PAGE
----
Bergkamp: 'If you can't win the trophy with this Arsenal, who could you win it with?'
Sunday 16 February 2003
As a Dutchman, Dennis Bergkamp is the perfect witness to talk about multi-talented football teams who fail to fulfil their destiny. As a boy, he watched his country's near-misses at the 1974 and 1978 World Cups, while as a player, he was part of the exciting but flawed sides of the Nineties. "Glorious failures are the worst feeling," he admits.
At least there have been few such disappointments during his club career. The Dutch title with Ajax was followed by the Uefa Cup with Internazionale and then, in recent years, the double-Double with Arsenal. There is, Bergkamp believes, only one target remaining. Following his assertion in these pages last week that the current Arsenal team have rewritten the rules of football, the 33-year-old is now keen to see them spread the word across Europe. The Premier League title may say much about consistency, but the Champions' League trophy is the ultimate symbol of success.
"I think I speak for everyone connected with the club," explains Bergkamp, who has never been beyond the quarter-finals of the competition with Arsenal, "when I say that the European Cup is the one we're really keen on. In terms of prestige, the Champions' League is the biggest honour in club football and we, as a team, really deserve to win it. To be honest with you, I would find it very difficult to accept if this side didn't take the trophy. I mean, if you can't win the Champions' League with this Arsenal team, then who could you win it with?"
Bergkamp, though, knows that any talk of the latter stages is still premature. Arsenal may be in a healthy position at the top of Group B, following their wonderful win at Roma and the home draw with Valencia before the winter break, but qualification is by no means a formality. First up is a double-header with a club level on points with Arsenal, and even closer to Bergkamp's heart, Ajax. The Arsenal striker joined the Amsterdam club in 1980 as a 12-year-old with potential, and left 12 years later as a fully-fledged international. "I'm very excited about these two games," he says. "I was at Ajax for my formative years, so it's only normal that the place should hold very special memories for me.
"I remember the first time I walked through the doors. Arriving at the legendary Ajax school was such a proud moment for me, but also a slightly scary one. Out of around 200 kids, maybe one or two make it every year. The kids who don't are just asked to leave."
Two particular faces will add to the sense of homecoming. Ajax are now managed by the great defender Ronald Koeman, while the youth team are overseen by one Marco van Basten. These two giants of Dutch football are also two very close friends of Bergkamp's. "I played many times with those guys," says the man who made his European debut with the club at 17, "so it will be great to see them again. It will be difficult for me to switch off and think of them as any other team, but I'm sure I'll manage."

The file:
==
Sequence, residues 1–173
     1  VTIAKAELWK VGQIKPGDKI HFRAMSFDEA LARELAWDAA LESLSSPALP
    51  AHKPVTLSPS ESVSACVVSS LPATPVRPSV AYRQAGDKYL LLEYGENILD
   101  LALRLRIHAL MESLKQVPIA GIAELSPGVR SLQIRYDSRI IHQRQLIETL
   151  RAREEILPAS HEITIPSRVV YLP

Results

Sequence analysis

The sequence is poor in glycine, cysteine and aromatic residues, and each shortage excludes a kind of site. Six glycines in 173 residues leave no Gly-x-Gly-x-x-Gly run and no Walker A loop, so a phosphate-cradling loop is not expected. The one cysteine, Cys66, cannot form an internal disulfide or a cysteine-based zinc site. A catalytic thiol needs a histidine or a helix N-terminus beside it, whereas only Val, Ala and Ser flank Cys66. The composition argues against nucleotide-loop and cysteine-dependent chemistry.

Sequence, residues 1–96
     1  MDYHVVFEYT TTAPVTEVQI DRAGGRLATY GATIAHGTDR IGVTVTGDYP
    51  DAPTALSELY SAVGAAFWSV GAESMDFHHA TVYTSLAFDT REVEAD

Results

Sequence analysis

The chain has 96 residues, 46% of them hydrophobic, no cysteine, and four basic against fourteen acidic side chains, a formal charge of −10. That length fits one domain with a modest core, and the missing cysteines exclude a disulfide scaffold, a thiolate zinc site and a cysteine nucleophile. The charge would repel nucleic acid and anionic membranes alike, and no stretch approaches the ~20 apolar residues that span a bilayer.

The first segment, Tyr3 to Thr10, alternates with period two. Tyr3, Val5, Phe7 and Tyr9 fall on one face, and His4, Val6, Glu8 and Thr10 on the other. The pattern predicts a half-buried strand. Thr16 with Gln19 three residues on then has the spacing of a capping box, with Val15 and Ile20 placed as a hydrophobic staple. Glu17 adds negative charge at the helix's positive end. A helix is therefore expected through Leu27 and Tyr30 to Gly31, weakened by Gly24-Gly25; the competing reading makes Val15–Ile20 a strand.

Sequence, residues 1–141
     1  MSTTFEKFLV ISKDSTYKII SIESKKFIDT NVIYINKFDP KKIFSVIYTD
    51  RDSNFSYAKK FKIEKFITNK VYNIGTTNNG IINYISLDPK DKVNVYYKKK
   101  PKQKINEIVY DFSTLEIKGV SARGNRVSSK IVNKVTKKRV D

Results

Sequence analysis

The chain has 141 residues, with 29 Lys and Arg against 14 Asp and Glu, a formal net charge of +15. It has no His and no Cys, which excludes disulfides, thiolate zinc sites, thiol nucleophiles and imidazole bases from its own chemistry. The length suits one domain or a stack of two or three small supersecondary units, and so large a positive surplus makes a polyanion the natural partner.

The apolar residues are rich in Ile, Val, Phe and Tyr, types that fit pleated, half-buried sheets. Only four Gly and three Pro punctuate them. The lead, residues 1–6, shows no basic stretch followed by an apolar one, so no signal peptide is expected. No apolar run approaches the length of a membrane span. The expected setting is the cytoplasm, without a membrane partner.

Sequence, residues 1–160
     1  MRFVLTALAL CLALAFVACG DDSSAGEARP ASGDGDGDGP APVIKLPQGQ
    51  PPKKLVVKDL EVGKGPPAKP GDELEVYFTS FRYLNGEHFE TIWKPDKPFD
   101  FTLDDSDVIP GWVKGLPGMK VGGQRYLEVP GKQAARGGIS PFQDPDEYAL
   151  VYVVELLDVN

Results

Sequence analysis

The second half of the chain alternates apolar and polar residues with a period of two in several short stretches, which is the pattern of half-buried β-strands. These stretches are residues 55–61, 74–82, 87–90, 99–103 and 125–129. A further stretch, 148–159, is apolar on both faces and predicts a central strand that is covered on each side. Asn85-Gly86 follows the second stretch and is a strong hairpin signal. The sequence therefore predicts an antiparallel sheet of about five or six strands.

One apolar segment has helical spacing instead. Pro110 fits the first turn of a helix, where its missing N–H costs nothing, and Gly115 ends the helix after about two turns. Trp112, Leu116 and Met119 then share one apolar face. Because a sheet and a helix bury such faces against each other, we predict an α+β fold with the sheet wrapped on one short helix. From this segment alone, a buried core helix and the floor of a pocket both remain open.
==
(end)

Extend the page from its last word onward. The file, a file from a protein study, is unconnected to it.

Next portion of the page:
Arsenal's slick passing and movement, not to mention Thierry Henry's goalscoring skills, should be too much for Ajax's young and fast-improving side. In fact, Bergkamp believes the Gunners are one of the favourites for the crown. "I see no reason why we shouldn't go all the way," he says, "but, like any knockout event, this competition requires that little bit of luck. The domestic title is the fairest, because if you're top of the table in May then no one can say that you were fortunate on 38 occasions. But the Champions' League can be decided on a tiny detail, and that's what makes it so unpredictable. That's its beauty."
Bergkamp believes that last season's quarter-final reverse against the eventual finalists, Bayer Leverkusen, is a good example of the better team losing out. "I thought that we played really well against them," he says, "and we should have run out comfortable winners. But somehow we lost and they almost went all the way. It still hurts a bit, but I can tell you that if we reach that stage again, we'll make sure we win."
Bergkamp will return to Ajax with his head held high, if a little sore. Due to his refusal to fly, the Arsenal playmaker will be driving to Holland. "It's not a problem," he insists. "I've done it lots. In fact, the first time I made the journey was the day I signed for Arsenal in June 1995. I remember it well, because I went around the M25 the wrong way and had to stop for petrol. When I pulled into the station, I had a little argument with the driver of the car behind me, who was getting irate. After a while, the guy stepped out of the car. I kid you not, it was Ian Wright. That's when I knew I was meant to join Arsenal."
There have been no such signs in recent weeks, but Bergkamp can still think of one good reason why Arsenal should win the Champions' League this year. "The final is at Old Trafford," he smiles.
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